PS VR

Review: The Lost Bear – PS4/PSVR

I just played through Odd Bug’s latest title, The Lost Bear, out now on your PlayStation VR. Full disclosure: I’ve been dying to play this game since I saw the first reports of it months ago. I’m a proud lover of both of Playdead’s masterpieces Limbo and Inside, and to me, The Lost Bear seemed to be combining my love of the PlayStation VR with the two above mentioned side-scrolling platforming gems. Did Odd Bug Studio deliver the next platforming masterpiece?

Once you strap on the PlayStation VR headset and enter the beautiful hand drawn forest of The Lost Bear, you’ll know that you’re in for a far different experience than all of your other VR titles. You’ll find yourself sitting comfortably in a virtual chair, the forest all around you, and the wildlife chirping away. With the DualShock 4 in hand, you’ll be looking up to a giant stage, where you’ll meet Walnut, the game’s protagonist, for the first time. On this stage is where the side-scrolling action will take place. At this point, it’s basically a standard 2D game where the player finds themselves playing in the woods instead of their own couch.

In the opening scene, in which we see Walnut and her father at a campsite, he gives the young girl a stuffed bear, and all is good and pure in the world. There is no dialogue in the game, but you won’t need it, as the crew at Odd Bug Studio does a wonderful job of telling their story, mastering the art of “Show, don’t tell”. Using the DualShock 4, (no Move or Aim controller! The outrage!) you’ll guide Walnut on a harmless hike with her dad. You’ll learn how to use her trusty slingshot, and further master the mostly simple controls. Eventually, poor Walnut wanders off, and tumbles down a small cliff. She loses her stuffed bear, and we see a tiny spider thing steal it and run off. Our real journey begins here, as we guide poor Walnut on a search and rescue mission for her stuffed teddy bear.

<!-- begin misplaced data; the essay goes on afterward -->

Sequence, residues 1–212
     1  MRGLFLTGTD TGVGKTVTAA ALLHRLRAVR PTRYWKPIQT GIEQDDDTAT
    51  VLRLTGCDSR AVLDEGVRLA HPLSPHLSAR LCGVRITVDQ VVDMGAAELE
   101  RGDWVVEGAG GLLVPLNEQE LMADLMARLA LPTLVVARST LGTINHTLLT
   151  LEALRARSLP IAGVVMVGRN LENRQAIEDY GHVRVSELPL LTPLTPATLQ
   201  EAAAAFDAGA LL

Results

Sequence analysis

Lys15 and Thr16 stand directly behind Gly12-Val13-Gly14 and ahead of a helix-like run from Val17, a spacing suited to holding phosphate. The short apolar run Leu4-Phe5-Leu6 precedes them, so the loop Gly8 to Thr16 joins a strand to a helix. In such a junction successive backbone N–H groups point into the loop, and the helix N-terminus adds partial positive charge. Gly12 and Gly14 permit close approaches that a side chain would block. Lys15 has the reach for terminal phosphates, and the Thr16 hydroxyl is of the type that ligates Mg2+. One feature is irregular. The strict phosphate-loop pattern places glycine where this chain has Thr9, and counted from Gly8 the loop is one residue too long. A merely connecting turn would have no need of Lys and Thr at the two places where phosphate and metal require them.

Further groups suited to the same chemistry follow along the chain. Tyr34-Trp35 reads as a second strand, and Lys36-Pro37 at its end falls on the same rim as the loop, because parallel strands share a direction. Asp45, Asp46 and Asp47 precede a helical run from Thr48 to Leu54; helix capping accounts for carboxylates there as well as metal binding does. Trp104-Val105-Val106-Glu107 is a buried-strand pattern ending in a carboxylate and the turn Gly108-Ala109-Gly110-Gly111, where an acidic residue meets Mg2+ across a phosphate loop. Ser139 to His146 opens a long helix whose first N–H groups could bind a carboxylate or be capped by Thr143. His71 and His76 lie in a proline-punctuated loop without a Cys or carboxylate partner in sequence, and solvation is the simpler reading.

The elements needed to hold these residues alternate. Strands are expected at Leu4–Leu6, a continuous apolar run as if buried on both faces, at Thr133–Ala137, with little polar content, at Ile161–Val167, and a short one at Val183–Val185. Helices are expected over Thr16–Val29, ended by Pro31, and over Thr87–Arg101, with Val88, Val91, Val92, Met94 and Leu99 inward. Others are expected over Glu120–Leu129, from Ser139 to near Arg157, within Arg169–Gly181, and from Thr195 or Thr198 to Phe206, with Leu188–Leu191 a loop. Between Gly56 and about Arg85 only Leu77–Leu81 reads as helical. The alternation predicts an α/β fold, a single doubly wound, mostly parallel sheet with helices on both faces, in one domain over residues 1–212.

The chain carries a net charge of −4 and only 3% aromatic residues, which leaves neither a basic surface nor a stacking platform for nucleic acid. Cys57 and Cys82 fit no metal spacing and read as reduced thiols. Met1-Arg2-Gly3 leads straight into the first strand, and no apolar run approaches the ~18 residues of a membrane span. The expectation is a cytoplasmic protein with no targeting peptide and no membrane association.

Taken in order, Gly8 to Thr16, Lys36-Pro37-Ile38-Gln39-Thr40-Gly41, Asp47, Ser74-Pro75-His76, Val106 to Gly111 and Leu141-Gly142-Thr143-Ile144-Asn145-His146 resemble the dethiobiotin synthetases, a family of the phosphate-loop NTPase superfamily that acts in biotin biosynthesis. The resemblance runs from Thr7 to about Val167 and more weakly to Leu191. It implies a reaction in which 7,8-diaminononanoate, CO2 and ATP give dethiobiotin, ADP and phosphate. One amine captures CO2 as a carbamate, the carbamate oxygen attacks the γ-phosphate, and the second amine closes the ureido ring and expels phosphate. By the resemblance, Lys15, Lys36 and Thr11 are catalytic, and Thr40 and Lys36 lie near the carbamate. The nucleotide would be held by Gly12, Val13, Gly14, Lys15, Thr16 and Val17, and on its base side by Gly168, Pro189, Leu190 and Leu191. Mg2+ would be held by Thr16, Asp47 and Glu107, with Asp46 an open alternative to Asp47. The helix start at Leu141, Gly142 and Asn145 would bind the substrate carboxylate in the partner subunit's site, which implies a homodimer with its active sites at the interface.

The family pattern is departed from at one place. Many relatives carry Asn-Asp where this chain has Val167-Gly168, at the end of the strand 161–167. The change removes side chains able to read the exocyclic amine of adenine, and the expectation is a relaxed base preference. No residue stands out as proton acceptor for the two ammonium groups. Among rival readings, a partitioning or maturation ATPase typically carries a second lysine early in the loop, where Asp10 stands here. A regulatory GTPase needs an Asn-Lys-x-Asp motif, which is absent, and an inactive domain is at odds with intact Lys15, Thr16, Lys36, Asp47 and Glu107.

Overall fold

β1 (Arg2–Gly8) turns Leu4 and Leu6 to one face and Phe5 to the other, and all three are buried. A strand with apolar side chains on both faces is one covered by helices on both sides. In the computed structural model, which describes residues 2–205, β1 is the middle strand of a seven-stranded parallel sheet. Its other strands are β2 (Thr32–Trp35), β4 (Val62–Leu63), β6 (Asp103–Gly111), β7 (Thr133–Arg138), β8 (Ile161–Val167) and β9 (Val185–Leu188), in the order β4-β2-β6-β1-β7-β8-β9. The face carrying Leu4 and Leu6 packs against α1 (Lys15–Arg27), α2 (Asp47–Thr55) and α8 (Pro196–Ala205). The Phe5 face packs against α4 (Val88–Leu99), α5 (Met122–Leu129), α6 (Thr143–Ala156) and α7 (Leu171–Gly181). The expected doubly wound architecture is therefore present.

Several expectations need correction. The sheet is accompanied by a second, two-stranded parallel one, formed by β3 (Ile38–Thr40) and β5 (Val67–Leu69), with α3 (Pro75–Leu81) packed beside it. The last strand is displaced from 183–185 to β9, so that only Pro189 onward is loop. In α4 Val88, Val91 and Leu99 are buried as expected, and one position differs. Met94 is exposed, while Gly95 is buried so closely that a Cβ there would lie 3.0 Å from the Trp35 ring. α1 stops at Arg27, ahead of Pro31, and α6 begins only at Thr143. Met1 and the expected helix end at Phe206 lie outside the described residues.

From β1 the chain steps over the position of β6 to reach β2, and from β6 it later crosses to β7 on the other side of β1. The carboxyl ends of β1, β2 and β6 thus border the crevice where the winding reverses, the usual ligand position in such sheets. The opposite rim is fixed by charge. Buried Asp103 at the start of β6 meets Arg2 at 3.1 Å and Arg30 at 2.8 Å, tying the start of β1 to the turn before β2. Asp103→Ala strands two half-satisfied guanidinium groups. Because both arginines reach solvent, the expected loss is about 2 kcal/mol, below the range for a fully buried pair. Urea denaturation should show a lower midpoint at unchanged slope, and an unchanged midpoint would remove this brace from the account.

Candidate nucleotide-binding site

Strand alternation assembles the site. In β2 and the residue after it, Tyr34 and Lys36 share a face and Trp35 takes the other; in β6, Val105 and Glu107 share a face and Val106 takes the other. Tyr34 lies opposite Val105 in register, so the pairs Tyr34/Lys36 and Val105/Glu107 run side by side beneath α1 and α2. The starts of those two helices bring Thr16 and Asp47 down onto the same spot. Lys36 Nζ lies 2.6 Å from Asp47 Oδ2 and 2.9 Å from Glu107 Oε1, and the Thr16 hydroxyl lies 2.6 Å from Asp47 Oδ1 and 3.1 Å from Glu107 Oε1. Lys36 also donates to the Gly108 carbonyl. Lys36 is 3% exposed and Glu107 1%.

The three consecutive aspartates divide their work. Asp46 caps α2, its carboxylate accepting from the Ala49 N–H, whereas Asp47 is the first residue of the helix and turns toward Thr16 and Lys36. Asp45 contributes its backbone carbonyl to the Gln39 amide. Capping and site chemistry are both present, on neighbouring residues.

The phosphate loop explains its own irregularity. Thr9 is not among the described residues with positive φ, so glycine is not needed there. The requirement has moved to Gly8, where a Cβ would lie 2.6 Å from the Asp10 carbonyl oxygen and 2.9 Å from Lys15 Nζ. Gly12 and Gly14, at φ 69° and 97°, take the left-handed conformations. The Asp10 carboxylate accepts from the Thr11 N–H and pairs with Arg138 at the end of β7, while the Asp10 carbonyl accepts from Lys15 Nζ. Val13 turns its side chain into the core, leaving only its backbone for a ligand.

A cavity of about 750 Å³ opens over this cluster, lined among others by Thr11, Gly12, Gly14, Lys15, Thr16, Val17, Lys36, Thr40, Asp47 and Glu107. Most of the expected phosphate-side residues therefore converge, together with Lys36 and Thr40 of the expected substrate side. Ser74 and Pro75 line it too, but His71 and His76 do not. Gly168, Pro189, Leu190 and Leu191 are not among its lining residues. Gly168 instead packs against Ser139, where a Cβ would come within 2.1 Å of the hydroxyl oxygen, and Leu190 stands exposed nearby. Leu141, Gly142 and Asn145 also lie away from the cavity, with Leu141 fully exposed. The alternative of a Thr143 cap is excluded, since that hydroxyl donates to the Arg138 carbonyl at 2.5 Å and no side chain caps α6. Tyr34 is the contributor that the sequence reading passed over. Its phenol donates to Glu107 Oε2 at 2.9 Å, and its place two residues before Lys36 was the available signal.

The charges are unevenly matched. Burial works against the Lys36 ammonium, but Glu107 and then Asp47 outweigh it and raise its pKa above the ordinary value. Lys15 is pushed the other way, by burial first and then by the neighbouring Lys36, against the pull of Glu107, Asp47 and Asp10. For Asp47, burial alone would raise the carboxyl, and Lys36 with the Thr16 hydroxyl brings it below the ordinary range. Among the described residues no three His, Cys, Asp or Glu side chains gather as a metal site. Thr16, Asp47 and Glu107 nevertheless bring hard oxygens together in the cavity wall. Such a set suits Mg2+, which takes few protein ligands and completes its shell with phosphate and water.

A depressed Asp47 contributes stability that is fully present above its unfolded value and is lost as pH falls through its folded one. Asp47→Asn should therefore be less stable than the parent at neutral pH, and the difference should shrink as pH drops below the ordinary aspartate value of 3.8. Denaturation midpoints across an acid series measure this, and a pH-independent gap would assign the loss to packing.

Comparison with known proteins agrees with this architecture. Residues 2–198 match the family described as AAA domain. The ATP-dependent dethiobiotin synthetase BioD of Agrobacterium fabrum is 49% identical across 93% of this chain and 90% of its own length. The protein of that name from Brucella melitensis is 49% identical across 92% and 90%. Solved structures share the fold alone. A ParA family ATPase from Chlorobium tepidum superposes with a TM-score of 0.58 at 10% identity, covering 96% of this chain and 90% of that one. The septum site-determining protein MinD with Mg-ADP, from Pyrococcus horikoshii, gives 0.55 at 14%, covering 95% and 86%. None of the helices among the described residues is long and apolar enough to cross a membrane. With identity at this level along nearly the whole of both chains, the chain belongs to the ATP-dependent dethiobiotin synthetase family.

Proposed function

Each level offers a different motif, from the obvious forest of the first level, to a junkyard, a strange factory, and an underground sewer setting. My favorite part is that each level changes your setting, too. Meaning if Walnut is running through a dark underground sewer system, then that same dark sewer will surround you as you sit and play. Occasionally, the world up on stage mixes with our world, too. At one point, after knocking a bee hive down with her slingshot, the angry bees scatter, and one of them fly’s menacingly around our chair. This happens fairly early in the game, and it is something that was sorely underused. It really is a unique mix of 2D and VR that you can’t find anywhere else, and it really upped the immersion to new levels and created a dreamlike aspect to the game.

With the hand-drawn world, the game plays like a child’s storybook come to life. It doesn’t go nearly as dark as Limbo or Inside, but when the half mechanical creature called “the Snatcher” crawls onto the screen, you realize there are real stakes in this “fairytale”.

Unfortunately, all is not perfect in The Lost Bear. The puzzles are all fairly easy which combines with the biggest disappointment of all. The game is short. Real short. I finished it in one setting at around an hour. Maybe a little bit less. The good news is it was a very enjoyable one hour and I’m looking forward to playing through it all over again. Also, I can’t wait to show it to my niece, who I think is going to love it.

The Lost Bear PS4/PSVR Review
  • 7.0/10
    Overall - Very Good - 7.0/10
7.0/10

Summary

A 2D side-scrolling platformer in VR is an odd mix, but Odd Bug Studio's The Lost Bear somehow managed to pull it off. The duration is too short, but it truly is like no other title in your collection. If you have an extra 12 bucks in your pocket, you shouldn't miss this game.

Review Disclaimer: This review was carried out using a digital copy of the game provided by the publisher. For more information, please read our Review Policy. 

Reviewed using base PS4. 

When Jeremy isn’t writing books or playing video games, he’s living his life one random movie references at a time.
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